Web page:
Francis Bacon’s ‘Screaming Pope’ Embodied Postwar Anguish—Here Are 3 Surprising Facts About the Influential Painting
The picture, Bacon's first of a Pope, is currently on view at the Royal Academy.
The facts of Francis Bacon’s life are the ones that tend to envelop interpretations of his work: he was an alcoholic, atheist, gambler, and homosexual in an intolerant age.
This fraught personalization is not so surprising given his subject matter. Bacon’s paintings are full of personal torment, depicting solitary figures with their faces and bodies writhing or contorted beyond familiarity, seemingly trapped in the empty, airless spaces that define his work.
The Royal Academy of Art’s just-opened exhibition, “Francis Bacon: Man and Beast,” aims to present the 20th-century artist’s work through a different prism: his fascination with the animal world.
While Bacon was very much a metropolitan louche in his adulthood, his childhood was immersed in nature. Born in Ireland to English parents, Bacon was raised on a horse farm (his father, a retired army officer, trained racehorses). The impressive exhibition brings together all of Bacon’s bullfighting paintings for the first time, as well as images of owls, a chimpanzee, and horse-like creatures.
Several works in the show, rather than depicting animals directly, hint at humankind’s most primal nature. Among these is the seminal Head VI (1949), the first of Bacon’s paintings to reference Diego Velázquez’s Portrait of Innocent X. (He would make close to 50 “screaming pope” paintings in his career.) The oil-on-canvas painting was the last of his 1949 “Head” series, and marked an important new chapter in the artist’s career.
On the occasion of the exhibition, we’ve unearthed three fascinating facts that might make you see the artist’s work in a new way.
Pope Innocent X Had Personal and Historical Significance
While Francis Bacon was a devout atheist and an outspoken critic of the Catholic Church, his oeuvre is predicated on the iconography of Catholicism. This was the case from the very start of his career: the painting that defined Bacon as an enfant terrible of the art world was Three Studies for Figures at the Base of a Crucifixion (1945). (A secondary version of this triptych, made in the 1980s, is on view in the RA exhibition.)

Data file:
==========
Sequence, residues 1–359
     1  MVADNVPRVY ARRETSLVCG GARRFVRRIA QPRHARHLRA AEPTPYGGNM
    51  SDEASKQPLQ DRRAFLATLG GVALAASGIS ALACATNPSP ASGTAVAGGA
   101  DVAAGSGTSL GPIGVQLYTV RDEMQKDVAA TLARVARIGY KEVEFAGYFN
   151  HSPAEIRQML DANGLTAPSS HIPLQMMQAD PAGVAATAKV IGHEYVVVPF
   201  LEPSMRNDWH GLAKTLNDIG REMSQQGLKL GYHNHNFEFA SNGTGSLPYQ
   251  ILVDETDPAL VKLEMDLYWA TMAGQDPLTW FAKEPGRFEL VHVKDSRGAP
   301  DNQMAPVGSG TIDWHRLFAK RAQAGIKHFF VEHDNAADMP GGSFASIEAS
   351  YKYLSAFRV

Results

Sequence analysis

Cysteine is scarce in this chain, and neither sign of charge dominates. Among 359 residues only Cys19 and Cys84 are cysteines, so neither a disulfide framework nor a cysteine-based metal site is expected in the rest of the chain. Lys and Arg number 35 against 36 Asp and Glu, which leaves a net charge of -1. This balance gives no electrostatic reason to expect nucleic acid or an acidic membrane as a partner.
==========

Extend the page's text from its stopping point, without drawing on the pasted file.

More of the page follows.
Why did he return to the image of the Pope, and Pope Innocent X, so frequently? The word Pope shares its etymological root with the word “papa,” and many have interpreted Bacon’s fixation with the Pope through the Oedipal lens of Bacon’s tumultuous relationship with his father, who scorned both his son’s homosexuality and his desire to be an artist. In this vein, some have said that the “Screaming Popes” were a response to the Church’s teachings against homosexuality.
Others believe that Bacon’s fixation is rooted in his childhood, and his experiences living as a prosperous member of the English Protestant minority in Ireland.
“Bacon was brought up during the Sinn Féin movement and once the Irish Republican Army was formed in 1919 guerrilla warfare broke out. During his boyhood, Bacon’s understanding of religion was marked by social and religious tension and isolation,” writes art historian Rina Arya.
“These formative experiences led to a conflation between violence and religion, and by extension, the Pope, as the incarnation of the Catholic Church, would have been viewed within this context of opposition and conflict.”
Pope Innocent X, in particular, played a role in these historical tensions. During the English Civil War (1642–49), the pontiff acted is an important political player, offering significant arms and finances to support the Irish fight for independence in the hopes that it might establish itself as a Catholic-ruling nation. In such a way, the image so powerfully depicted by Velasquez embeds Bacon’s own experiences within a greater historical narrative.
It’s About Our Animal Instincts